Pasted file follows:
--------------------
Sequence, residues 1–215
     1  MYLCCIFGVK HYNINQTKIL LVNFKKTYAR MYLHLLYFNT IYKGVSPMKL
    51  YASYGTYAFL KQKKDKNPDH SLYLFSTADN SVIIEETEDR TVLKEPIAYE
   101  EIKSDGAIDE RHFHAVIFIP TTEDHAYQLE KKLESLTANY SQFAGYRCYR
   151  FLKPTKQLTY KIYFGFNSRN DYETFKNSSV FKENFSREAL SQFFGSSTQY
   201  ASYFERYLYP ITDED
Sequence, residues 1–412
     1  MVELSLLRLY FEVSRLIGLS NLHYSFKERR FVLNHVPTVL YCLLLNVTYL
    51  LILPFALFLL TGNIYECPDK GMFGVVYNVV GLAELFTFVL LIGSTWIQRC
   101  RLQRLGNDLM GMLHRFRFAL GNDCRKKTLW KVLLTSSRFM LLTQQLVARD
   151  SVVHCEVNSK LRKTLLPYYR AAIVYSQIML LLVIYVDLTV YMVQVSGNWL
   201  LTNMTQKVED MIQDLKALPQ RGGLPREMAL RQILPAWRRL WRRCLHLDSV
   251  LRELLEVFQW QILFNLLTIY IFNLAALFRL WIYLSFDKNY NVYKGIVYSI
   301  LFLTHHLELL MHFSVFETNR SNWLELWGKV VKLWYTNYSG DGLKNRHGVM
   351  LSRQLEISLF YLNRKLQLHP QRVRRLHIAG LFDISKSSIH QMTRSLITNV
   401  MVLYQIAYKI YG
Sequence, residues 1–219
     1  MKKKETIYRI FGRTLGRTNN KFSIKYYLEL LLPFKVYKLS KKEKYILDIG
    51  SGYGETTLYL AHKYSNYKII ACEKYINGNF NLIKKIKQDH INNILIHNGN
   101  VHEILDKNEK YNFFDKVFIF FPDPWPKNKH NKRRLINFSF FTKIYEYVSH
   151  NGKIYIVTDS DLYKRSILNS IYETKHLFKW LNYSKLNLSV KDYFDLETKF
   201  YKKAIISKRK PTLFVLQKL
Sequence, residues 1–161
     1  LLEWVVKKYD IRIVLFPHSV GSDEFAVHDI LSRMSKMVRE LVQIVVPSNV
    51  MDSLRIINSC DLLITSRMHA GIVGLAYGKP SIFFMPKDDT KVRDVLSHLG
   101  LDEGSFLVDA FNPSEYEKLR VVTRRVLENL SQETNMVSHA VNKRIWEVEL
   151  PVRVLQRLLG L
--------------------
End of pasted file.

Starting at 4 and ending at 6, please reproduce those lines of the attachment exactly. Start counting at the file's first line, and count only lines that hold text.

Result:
   101  EIKSDGAIDE RHFHAVIFIP TTEDHAYQLE KKLESLTANY SQFAGYRCYR
   151  FLKPTKQLTY KIYFGFNSRN DYETFKNSSV FKENFSREAL SQFFGSSTQY
   201  ASYFERYLYP ITDED